The same concept applies to investing. No investment is separate; each is part of the individual investor’s whole financial picture. So don’t compartmentalize and don’t let conventional wisdom compartmentalize for you! Instead, always take a “whole picture” view of your investments.

To illustrate, a 35-year old software engineer at a successful mid-sized private technology company earning $160,000 in salary might have $1,000,000 in vested company stock, and $200,000 invested in a 401(k) account with 20% of that invested in bonds. Her most important asset is her human knowledge capital that she effectively rents to her employer for $160,000 a year with a moderate upward slope due to annual raises. Capitalize that asset at 5% and she has $3,200,000 in a fixed-income equivalent.[3] So overall, she has almost 3/4 allocated to “fixed income” not just the 20% in bonds in her 401(k).[4]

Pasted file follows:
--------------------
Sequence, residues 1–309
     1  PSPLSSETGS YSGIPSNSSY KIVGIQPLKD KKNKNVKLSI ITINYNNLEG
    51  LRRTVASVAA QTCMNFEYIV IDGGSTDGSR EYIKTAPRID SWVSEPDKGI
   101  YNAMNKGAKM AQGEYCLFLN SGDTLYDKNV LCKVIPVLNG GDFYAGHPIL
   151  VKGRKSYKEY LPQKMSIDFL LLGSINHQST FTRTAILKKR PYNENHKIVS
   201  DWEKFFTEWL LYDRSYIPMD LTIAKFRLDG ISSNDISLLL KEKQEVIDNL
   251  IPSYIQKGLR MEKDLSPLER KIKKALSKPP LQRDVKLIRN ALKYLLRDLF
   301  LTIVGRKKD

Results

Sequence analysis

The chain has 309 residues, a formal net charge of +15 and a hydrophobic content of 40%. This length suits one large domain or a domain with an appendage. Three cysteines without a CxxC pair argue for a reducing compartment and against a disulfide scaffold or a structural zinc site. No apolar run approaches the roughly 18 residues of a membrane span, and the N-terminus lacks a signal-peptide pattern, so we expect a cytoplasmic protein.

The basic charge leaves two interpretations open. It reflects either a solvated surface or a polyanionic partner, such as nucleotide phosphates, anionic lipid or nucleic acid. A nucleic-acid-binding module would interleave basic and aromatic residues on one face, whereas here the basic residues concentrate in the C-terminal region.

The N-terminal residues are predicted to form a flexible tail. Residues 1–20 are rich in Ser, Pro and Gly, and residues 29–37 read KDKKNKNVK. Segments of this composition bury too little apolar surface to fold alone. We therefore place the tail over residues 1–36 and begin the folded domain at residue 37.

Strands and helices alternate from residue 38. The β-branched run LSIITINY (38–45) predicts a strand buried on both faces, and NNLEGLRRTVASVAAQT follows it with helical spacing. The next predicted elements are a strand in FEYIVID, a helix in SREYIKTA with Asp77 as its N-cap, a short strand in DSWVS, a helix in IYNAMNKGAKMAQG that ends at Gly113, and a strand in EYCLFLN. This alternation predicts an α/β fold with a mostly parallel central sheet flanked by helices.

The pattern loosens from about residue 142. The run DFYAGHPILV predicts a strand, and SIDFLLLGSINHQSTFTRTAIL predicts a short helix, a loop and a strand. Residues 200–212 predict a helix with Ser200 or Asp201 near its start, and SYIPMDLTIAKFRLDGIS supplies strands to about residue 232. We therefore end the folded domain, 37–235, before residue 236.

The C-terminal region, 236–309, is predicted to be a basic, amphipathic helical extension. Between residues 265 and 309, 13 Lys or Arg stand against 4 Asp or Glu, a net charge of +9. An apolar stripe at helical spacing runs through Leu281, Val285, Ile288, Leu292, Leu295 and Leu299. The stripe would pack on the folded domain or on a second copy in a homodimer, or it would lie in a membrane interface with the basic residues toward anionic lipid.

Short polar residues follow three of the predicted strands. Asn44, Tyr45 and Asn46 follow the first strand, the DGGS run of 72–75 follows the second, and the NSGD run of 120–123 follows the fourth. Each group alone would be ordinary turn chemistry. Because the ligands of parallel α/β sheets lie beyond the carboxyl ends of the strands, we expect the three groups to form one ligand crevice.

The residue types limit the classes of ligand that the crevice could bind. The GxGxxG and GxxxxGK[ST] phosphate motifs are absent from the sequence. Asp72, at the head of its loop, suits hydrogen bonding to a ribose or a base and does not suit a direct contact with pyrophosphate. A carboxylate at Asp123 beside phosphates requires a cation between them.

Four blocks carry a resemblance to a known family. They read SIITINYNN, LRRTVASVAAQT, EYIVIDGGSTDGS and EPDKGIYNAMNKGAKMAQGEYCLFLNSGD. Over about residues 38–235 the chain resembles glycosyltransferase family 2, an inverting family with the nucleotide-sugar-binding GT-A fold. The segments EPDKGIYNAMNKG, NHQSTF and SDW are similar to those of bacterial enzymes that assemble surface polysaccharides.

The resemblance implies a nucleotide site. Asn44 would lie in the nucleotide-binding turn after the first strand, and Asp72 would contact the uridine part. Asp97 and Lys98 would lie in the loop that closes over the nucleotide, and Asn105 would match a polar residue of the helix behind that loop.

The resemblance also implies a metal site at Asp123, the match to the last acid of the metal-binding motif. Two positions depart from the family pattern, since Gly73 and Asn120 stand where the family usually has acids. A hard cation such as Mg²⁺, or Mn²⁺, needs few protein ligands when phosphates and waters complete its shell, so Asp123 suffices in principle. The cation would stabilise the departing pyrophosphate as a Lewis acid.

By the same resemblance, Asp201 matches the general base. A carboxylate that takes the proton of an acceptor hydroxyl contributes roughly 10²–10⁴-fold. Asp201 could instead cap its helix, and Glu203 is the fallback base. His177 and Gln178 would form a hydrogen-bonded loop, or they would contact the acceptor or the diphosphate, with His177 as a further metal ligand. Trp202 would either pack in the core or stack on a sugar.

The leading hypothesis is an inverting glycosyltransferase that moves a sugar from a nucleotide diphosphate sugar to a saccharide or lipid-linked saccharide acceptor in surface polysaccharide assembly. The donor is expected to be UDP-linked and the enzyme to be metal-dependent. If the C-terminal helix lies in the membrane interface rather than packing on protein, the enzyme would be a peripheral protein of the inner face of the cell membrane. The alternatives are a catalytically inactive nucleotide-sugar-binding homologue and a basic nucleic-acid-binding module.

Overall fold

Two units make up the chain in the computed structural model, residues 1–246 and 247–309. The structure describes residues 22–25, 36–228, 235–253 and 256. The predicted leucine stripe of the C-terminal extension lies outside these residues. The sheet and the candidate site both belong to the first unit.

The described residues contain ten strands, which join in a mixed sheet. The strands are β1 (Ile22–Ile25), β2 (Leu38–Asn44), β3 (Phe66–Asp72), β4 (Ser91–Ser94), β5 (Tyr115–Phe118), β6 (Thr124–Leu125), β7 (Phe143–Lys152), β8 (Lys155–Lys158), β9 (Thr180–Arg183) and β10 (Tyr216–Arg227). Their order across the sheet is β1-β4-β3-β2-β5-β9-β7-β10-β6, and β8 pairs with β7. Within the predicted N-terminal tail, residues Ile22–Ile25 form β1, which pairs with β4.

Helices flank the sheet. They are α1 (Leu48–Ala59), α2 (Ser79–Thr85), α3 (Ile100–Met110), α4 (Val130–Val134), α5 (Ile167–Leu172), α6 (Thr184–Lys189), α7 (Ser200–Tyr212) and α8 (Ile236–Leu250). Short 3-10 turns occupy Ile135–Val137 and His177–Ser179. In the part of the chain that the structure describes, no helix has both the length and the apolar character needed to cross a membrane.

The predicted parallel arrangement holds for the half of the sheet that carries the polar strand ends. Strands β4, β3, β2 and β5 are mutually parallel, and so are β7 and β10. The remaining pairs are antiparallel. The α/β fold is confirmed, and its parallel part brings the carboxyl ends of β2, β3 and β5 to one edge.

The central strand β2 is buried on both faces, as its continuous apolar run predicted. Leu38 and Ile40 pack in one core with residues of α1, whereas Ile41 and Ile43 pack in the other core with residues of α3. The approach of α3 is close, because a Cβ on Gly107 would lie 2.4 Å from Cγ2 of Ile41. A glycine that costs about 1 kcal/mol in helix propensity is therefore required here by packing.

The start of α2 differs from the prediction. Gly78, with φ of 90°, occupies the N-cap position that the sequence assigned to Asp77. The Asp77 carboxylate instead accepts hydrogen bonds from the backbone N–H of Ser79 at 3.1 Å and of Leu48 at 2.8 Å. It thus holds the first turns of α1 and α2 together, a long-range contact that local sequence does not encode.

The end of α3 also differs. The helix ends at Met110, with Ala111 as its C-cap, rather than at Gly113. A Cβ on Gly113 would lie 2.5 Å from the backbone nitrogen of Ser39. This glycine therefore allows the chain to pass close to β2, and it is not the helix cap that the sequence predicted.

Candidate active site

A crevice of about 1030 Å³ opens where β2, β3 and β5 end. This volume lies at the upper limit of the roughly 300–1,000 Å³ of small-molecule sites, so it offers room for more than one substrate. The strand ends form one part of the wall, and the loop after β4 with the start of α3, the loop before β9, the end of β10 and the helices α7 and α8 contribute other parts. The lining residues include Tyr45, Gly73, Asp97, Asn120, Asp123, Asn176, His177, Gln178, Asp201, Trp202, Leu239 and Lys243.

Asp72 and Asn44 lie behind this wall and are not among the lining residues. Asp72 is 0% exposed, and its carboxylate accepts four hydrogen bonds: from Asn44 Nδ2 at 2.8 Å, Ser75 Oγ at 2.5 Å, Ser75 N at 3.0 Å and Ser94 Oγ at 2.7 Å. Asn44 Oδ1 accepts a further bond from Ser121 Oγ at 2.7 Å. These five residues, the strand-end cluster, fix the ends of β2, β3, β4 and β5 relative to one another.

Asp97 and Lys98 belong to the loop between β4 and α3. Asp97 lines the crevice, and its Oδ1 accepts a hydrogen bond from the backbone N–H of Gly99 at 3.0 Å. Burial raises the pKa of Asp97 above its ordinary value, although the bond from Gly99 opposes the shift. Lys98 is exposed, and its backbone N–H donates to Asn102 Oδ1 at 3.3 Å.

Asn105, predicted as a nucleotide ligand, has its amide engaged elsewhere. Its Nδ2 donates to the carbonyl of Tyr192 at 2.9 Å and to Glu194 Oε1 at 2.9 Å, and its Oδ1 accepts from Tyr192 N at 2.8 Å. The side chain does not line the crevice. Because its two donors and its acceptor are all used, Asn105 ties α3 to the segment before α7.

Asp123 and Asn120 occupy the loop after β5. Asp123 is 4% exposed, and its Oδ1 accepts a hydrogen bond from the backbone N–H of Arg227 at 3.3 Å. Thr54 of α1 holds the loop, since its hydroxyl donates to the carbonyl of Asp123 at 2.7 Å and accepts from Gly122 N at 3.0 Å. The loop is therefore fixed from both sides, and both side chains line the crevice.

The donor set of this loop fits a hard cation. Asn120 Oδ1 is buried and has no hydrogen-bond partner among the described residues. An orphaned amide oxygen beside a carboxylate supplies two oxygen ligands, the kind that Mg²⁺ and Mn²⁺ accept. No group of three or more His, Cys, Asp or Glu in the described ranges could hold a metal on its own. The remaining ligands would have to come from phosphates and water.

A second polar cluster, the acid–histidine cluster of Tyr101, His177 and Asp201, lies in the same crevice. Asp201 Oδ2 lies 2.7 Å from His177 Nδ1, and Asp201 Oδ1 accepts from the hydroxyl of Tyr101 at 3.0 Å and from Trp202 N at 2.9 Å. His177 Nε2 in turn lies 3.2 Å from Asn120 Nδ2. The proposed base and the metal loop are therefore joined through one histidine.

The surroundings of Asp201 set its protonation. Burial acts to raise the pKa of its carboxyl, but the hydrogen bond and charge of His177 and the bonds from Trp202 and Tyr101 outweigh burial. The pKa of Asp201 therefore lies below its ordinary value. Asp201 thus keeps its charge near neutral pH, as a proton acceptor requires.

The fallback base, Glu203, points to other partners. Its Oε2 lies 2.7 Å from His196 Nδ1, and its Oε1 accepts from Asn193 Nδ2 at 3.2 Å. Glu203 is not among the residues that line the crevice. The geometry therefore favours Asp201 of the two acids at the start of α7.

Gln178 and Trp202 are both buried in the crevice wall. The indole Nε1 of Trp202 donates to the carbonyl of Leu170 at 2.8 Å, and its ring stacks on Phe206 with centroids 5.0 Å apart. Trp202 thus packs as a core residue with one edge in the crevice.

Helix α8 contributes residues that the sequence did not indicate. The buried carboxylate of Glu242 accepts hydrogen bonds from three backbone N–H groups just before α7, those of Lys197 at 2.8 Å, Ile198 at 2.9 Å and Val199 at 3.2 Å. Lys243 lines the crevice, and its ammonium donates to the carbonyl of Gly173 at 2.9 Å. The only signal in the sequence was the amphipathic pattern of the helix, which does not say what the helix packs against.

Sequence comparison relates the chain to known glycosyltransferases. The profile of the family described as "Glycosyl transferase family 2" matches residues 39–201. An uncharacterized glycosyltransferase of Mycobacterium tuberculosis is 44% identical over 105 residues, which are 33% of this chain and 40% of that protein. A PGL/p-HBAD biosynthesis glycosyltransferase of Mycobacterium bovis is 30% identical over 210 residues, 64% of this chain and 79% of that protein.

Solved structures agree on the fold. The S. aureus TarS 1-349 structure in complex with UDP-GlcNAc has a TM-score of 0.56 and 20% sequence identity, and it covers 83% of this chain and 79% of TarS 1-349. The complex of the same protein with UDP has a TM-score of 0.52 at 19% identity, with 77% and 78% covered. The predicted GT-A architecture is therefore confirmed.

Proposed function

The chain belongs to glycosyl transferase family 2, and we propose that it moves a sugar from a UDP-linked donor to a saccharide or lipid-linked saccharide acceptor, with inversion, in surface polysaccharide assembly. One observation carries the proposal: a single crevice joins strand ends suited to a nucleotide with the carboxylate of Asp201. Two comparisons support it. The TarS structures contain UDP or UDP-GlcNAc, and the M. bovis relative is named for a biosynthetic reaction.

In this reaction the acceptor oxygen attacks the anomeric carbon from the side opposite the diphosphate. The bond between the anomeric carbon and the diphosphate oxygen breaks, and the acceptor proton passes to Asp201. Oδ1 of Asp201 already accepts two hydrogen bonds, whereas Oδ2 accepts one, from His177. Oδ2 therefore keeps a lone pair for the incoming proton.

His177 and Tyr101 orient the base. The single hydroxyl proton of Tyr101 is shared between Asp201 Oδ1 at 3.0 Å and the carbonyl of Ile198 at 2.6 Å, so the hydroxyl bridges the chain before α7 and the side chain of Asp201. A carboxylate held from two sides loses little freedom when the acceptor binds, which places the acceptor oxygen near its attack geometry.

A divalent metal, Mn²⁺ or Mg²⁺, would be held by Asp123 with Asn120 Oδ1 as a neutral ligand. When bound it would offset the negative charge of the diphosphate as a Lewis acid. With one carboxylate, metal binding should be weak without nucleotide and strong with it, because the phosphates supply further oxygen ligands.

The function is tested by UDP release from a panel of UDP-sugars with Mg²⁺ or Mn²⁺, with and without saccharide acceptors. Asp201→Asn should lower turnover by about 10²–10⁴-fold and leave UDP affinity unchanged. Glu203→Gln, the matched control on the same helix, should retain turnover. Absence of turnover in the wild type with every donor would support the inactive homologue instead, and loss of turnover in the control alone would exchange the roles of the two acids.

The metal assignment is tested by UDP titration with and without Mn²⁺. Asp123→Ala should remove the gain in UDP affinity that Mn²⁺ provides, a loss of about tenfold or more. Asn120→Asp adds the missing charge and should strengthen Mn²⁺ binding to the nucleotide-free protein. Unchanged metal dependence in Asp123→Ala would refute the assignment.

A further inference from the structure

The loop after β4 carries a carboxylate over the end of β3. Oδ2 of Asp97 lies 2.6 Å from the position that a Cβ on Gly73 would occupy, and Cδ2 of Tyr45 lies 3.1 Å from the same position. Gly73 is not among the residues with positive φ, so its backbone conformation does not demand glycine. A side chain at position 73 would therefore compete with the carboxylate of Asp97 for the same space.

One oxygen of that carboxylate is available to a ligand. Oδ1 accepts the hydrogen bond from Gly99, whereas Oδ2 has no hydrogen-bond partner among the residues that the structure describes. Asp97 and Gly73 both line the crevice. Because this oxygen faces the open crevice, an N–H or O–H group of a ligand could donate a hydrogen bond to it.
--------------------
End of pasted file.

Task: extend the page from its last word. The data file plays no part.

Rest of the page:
If you are able to conceptualize the whole picture of your finances including the fixed income from your knowledge capital you will be more comfortable with most of your investment portfolio in stocks. This can help you tolerate the short-term ups and downs of the stock market more easily.

Diversify over time and assets

Another important consideration is your investment horizon. Most investors will be investing over their entire working careers and into their retirement and will have the opportunity to make regular, ongoing investment contributions. Consider for a moment that a typical Wealthfront client in her 30s will be investing for over 50 years!  You can help yourself to be more realistic – and less emotional – about your investment portfolio if you can center your thinking on the long-term benefits of time diversification. Your horizon is probably longer than you realize and you will have natural opportunities over your working years to contribute to your portfolio and dollar-cost average your investments. Thinking this way is equivalent to considering the overall climate in an area, instead of the daily weather.